Wednesday, May 30, 2012

Market good for goats, small sheep

Tuesday, 29 May 2012


Much like the cattle markets, sheep and goat markets have been doing well, with producers being able to get record high prices for their stock in most situations. But, there are some areas where the market isn't doing quite as well ,due to higher food prices and other factors.
The market for smaller sheep and goats seems to be doing well, while the demand for larger animals has decreased. -- File photo
"All markets are high -- goat market is high, sheep market is high, cattle market is high -- I am sure it is all somewhat related," said Dr. Frank Craddock, Extension sheep and goat specialist. "There are some ups and downs in the market. One of the problems right now in the sheep market is we got a lot of feedlots full of fat lambs and they are not selling. But, as far as the ethnic market to the different ethnic groups, the lighter weight lambs and goats, they are selling for a premium."
According to the USDA-NASS, "U.S. all goat inventory on Jan.1, 2012, totaled 2.86 million head, 4 percent lower than last year. Breeding goat inventory totaled 2.38 million head, and market goats were at 487,000 head.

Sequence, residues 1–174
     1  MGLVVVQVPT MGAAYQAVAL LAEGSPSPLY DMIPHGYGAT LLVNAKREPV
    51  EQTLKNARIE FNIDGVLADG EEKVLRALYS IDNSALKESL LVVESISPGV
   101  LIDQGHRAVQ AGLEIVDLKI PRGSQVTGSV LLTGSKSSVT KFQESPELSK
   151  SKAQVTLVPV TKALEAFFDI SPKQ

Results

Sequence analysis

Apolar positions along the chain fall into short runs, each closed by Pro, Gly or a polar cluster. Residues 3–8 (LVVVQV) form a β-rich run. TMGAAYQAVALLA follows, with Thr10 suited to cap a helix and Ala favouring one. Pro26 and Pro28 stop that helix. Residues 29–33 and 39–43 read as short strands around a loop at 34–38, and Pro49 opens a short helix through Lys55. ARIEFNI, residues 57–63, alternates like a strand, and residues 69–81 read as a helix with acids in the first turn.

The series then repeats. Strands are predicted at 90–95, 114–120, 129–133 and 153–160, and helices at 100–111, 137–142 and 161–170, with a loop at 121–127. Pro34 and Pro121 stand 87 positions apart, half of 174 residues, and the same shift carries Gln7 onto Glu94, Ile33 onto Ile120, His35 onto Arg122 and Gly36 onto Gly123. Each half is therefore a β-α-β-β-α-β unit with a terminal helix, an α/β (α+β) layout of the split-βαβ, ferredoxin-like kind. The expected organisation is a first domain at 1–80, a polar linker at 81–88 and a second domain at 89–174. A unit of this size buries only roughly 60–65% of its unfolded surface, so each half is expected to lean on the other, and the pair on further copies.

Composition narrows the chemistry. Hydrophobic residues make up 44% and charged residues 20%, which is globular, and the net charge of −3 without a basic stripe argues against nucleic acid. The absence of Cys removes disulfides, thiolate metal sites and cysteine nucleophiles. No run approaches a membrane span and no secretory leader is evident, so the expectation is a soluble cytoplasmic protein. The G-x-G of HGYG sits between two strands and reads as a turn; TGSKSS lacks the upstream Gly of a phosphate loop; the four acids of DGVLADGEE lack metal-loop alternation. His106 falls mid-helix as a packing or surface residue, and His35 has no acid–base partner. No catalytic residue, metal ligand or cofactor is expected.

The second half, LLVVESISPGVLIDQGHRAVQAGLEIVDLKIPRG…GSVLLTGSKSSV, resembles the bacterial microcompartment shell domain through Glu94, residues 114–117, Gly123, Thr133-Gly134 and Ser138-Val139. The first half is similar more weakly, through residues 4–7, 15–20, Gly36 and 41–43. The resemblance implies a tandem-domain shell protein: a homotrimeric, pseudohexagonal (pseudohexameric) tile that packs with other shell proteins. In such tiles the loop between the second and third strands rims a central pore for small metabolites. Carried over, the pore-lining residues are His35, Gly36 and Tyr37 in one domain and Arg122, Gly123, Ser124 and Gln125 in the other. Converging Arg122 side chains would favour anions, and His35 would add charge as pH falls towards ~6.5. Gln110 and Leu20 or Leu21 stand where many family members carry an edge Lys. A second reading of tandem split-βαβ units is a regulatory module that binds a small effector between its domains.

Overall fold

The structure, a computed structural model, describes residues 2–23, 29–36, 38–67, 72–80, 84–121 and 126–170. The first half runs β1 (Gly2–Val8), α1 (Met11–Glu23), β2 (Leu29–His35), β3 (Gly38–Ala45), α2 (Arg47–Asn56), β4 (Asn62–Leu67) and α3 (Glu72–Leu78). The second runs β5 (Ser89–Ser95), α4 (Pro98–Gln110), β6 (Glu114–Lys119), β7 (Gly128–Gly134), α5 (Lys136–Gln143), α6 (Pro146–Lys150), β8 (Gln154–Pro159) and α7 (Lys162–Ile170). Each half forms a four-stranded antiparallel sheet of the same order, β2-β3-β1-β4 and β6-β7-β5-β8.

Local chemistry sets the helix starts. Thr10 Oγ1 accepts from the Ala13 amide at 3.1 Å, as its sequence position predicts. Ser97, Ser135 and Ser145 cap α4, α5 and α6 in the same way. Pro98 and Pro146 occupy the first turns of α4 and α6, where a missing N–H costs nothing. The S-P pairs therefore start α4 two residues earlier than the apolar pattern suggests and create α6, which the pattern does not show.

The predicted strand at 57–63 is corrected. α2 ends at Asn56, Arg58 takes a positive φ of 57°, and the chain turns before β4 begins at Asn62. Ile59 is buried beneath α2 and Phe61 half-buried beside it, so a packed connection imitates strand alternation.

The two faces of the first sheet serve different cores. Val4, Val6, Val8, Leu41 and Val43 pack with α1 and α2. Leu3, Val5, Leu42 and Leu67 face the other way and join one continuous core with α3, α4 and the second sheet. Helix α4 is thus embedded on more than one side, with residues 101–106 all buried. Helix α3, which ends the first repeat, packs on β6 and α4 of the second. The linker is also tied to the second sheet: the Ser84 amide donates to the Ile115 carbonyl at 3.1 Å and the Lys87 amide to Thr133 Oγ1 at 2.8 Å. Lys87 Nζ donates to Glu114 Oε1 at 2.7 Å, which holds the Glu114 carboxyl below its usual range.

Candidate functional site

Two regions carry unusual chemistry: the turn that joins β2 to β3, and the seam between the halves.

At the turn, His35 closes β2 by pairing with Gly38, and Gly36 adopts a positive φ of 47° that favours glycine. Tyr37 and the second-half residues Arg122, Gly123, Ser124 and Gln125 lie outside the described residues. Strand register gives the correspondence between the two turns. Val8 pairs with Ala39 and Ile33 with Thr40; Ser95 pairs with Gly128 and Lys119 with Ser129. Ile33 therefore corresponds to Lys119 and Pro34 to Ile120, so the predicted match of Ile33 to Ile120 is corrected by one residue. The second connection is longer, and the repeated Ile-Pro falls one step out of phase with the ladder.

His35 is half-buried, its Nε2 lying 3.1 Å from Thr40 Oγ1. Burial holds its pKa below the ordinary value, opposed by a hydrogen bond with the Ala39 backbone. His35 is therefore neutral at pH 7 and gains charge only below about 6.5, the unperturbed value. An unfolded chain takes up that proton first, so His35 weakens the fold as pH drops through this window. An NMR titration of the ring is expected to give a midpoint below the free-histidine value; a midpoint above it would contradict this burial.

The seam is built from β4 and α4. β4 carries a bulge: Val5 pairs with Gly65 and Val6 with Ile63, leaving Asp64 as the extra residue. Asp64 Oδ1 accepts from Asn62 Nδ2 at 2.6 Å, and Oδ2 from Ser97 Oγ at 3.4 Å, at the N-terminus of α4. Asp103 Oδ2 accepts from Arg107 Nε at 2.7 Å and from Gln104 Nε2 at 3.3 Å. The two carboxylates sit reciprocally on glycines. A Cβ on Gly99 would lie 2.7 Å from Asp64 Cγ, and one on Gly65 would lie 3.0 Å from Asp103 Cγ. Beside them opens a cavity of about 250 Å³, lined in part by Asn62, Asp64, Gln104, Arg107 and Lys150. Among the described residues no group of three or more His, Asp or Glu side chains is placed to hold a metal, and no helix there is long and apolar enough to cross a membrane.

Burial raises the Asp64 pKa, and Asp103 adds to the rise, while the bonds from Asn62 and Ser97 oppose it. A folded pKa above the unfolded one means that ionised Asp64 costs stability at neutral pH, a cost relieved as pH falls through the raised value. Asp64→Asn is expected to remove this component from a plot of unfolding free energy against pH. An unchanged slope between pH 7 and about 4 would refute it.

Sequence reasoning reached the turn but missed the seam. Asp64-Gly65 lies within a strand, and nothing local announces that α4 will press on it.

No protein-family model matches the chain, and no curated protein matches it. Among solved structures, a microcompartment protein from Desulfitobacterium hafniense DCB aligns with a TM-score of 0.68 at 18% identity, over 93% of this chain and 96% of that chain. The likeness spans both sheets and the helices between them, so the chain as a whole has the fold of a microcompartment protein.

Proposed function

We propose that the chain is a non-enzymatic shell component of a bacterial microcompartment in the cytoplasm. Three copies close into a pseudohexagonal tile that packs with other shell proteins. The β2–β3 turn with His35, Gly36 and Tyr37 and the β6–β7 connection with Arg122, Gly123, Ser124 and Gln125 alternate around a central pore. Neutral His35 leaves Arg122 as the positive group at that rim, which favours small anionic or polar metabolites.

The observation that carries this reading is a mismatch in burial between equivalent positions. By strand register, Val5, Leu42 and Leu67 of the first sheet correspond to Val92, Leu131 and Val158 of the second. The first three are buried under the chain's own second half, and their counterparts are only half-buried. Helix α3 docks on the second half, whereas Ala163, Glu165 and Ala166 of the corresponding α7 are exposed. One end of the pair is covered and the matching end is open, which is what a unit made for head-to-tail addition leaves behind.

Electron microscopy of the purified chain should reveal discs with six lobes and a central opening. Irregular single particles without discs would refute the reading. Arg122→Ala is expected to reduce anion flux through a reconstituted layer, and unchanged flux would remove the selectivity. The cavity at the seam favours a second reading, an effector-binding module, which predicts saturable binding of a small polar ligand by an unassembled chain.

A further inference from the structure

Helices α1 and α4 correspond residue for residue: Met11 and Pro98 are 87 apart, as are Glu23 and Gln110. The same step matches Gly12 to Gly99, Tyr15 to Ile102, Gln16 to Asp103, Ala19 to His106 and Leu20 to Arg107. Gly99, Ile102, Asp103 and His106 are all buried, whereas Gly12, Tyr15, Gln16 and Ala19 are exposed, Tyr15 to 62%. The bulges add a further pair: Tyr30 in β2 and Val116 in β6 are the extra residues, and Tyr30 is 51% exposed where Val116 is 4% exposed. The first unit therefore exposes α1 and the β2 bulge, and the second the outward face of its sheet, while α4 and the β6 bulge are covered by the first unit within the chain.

"The 2011 kid crop was 1.88 million head for all goats, down 2 percent from 2010. Meat goats (and goats other than milk and angora) totaled 2.36 million head, down 4 percent from 2011."
"In Texas, it depends on what market you read, or who you talk to, but I think we have lost over half of our sheep and goats, as far as breeding animals," Craddock said. "So, we are way, way down. We went through a drought and we didn't have a real good lamb or kid crop from that, and what we did save, they didn't breed up very well, so it hasn't been a real good year."
According to the USDA report, in Texas alone, Angora goats have dropped from 100,000 head in 2010 to 85,000 head in 2012, and meat goats have declined from 990,000 head in 2010, to 850,000 in 2012. The breeding animals seem to have declined the most. Since 2011, replacement sheep numbers went from 125,000 to 75,000. This leaves Texas down approximately 24 percent in its overall sheep population since 2011.